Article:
But there is another way to view such works and their eccentric creators: as prescient. In a culture swimming in expensive objects, where art has become thoroughly corporate, never before has an immersive experience seemed more important; there is singular joy in works that draw attention to the barren beauty of the land and the endless skies above it, pieces too large for even a billionaire to build a private museum around. “People have dismissed the earthworks as monuments, but in fact, they’re critiques of the monumental,” says Michael Govan, the 56-year-old director of the Los Angeles County Museum of Art, who has championed the land artists for nearly 30 years, especially when he was the head of the New York-based Dia Art Foundation in the 1990s and early aughts. He points to “City” and its low, rolling geometries, as well as the hypnotic 1,500-foot swirl of black basalt and salt crystals that make up the most famous of all land artworks, Robert Smithson’s 1970 “Spiral Jetty,” a natural sculpture in a shallow lake bed in northern Utah. Much of Turrell’s “Roden Crater,” Govan says, is underground, purposefully recasting a former site of violent eruptions into a subtle temple of light.
Not that such work tends to attract gentle personalities. The artists largely were products of a tumultuous era and landscape: first, the ragged and fierce avant-garde that developed in Northern California at the end of the 1960s, and then the dark, abrasive downtown New York art and music scene, which would soon give way to the canvas of the Western deserts. Safety and caution were never held in esteem. Smithson, a prolific essayist, died at 35 in 1973 when the small plane in which he was scouting locations for a new piece crashed near Amarillo, Texas. The reclusive Walter De Maria, who in his early 20s was a drummer with the precursor band to the Velvet Underground, created “The Lightning Field,” composed of 400 sharpened 20-foot stainless-steel posts in a roughly one-square-mile grid about three hours from “Star Axis” in western New Mexico; he lived alone in the same SoHo loft for more than 50 years and was felled by a stroke in 2013. Over the course of trying to complete “City,” Heizer developed severe respiratory problems and nerve damage that led to years of opiate addiction only recently shook. Mary Shanahan, his wife of 15 years, left him in 2014 — beaten down by his needs and those of “City” — and he stopped eating, plummeting to about 100 pounds. “Every bone in me is torqued and twisted,” he told The New Yorker’s Dana Goodyear in 2016.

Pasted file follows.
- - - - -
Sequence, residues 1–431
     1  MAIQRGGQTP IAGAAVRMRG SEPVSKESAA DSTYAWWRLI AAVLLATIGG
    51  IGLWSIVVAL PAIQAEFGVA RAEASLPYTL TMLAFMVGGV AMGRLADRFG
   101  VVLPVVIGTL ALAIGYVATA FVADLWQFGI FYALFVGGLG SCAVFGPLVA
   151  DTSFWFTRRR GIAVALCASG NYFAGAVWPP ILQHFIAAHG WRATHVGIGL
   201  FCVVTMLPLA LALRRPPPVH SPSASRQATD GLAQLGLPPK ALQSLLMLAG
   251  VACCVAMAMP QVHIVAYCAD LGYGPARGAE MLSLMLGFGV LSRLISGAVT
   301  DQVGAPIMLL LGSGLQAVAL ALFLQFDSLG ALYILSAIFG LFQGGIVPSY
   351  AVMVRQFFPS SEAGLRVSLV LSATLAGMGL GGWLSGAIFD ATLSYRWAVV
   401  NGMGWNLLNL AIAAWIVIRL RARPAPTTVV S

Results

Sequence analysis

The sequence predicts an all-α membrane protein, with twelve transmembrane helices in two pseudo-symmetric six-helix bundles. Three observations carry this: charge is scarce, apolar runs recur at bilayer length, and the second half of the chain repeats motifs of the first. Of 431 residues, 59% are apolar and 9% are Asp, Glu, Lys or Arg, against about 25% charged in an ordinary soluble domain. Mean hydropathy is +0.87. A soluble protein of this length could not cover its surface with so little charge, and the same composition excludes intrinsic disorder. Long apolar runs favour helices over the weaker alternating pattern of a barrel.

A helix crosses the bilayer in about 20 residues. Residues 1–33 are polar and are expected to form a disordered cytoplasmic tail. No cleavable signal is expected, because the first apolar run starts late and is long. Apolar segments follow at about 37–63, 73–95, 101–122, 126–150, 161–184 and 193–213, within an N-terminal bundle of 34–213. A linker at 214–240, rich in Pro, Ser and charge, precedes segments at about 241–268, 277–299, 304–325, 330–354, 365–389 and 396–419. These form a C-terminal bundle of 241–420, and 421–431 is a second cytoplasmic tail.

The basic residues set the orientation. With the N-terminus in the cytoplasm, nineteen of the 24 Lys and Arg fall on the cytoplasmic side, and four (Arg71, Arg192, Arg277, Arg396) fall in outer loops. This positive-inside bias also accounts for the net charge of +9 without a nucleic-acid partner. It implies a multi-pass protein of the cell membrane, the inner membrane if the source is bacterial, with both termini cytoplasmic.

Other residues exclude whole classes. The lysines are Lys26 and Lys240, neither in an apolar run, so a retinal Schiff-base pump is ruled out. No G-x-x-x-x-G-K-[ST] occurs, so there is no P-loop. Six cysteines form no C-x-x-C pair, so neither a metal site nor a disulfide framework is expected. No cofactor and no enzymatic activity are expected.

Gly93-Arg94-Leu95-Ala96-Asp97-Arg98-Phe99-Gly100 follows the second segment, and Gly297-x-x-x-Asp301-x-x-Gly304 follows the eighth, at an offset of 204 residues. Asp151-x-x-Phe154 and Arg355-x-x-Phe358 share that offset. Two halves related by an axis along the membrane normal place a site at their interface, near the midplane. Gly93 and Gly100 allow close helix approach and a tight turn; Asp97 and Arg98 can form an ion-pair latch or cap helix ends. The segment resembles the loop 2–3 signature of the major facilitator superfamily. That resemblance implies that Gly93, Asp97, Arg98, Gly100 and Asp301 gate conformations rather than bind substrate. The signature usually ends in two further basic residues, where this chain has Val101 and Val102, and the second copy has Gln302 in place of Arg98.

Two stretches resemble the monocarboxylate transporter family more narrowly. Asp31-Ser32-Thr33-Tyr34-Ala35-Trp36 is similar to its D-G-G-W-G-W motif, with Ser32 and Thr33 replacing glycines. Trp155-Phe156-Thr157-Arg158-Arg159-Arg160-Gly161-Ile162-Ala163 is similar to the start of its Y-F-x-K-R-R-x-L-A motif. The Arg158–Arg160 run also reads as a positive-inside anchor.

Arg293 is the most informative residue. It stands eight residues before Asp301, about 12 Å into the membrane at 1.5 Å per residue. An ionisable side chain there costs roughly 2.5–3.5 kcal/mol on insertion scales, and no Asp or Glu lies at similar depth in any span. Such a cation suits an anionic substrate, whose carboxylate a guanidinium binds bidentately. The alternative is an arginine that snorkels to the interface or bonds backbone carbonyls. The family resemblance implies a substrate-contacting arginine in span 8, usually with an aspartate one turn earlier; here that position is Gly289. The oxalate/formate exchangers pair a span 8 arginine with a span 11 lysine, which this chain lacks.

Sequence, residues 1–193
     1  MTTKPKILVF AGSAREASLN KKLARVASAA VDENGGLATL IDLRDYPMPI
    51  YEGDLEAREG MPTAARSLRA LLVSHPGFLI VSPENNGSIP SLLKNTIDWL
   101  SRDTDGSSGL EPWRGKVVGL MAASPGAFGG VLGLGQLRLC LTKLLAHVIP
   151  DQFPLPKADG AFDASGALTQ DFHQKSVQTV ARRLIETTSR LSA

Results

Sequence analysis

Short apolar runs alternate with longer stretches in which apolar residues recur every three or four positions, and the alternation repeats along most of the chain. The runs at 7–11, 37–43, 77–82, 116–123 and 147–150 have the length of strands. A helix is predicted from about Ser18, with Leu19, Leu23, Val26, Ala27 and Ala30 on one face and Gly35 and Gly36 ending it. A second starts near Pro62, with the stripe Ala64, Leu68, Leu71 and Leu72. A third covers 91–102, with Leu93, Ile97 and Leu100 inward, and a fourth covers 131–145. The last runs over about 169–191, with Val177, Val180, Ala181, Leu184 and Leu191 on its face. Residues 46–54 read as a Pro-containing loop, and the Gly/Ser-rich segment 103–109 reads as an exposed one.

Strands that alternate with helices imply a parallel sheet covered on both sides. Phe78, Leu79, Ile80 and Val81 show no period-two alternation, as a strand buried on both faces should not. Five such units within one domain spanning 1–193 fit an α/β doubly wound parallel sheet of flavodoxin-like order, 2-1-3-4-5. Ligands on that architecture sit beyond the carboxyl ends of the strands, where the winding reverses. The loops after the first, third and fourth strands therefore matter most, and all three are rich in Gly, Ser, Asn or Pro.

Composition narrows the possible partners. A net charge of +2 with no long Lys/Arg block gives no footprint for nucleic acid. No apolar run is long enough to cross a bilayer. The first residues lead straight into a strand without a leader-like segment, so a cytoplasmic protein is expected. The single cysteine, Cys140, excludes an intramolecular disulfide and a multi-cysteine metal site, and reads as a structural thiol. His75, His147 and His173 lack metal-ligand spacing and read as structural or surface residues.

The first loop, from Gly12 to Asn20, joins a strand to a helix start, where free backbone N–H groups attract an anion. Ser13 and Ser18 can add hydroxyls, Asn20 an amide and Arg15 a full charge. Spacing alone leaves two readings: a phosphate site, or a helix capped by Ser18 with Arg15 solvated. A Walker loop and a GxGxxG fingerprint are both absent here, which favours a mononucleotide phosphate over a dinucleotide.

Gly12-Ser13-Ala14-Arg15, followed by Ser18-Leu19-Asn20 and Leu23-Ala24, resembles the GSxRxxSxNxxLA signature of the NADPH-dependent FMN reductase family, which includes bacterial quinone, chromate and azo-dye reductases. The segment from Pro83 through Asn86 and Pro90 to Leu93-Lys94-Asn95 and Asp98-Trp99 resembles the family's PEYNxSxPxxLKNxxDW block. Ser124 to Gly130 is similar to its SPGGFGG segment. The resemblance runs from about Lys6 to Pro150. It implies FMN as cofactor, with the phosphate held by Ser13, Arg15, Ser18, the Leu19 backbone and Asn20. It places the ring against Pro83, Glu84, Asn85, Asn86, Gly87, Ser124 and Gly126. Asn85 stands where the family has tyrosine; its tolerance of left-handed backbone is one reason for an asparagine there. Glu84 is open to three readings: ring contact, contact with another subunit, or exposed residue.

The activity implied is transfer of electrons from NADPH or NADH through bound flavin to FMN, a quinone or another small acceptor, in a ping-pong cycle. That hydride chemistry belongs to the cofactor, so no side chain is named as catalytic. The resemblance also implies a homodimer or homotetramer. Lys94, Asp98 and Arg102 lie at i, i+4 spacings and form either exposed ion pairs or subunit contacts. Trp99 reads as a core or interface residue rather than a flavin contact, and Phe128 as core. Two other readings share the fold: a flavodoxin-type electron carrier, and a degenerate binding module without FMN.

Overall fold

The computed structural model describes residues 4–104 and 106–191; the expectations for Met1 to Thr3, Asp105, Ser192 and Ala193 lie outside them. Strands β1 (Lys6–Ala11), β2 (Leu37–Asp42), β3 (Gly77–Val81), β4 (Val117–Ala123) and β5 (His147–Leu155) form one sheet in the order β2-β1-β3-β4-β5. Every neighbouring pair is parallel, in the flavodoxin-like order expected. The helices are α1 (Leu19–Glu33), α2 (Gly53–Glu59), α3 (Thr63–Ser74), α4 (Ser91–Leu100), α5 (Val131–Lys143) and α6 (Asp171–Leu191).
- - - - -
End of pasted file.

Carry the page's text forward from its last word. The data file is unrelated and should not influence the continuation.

Ross, a Pennsylvania contractor’s son, has always seemed the counter example, steady and calibrated with an almost merry, avuncular demeanor. Temperate and health-conscious, he has long availed himself of both Eastern and Western medicine, regarding both arcane herbal supplements and the high-tech surgical procedures perhaps in his future as ways to keep going. In contrast to Heizer, who in his early years debated art late into the night at the legendary bar Max’s Kansas City, Ross spent the late 1960s immersed in a decidedly unmacho milieu: designing sets and performing with the experimental Judson Dance Theater in Lower Manhattan and later with Anna Halprin, the San Francisco-based postmodern choreographer who mentored Meredith Monk and Trisha Brown. It was a scene dominated by powerful women, recalls the dancer and choreographer Yvonne Rainer, 85. When Ross wandered in, offering to adapt some of the vertiginous latticework sculptures he had been working on and then manipulate them onstage for the dancers, there was, she says, “nothing aggressive or macho about him. He listened.”
Despite its audacious ambition to map time, “Star Axis” is far smaller in scale than either Turrell’s or Heizer’s projects. But that, paradoxically, is part of its emotional power. Every granite step to the oculus seems imbued with Ross’s Zen-like determination; you can’t help but imagine the hundreds of sunsets he has experienced there in silence. “His project,” says Govan, “is not only for us to meditate on time and light. It’s also Charles’s mediation, and you feel that when you’re experiencing it. The calculations, the moving of stone, the mixing of concrete, the collaboration with those same workers all those years. There’s a humanness to it.”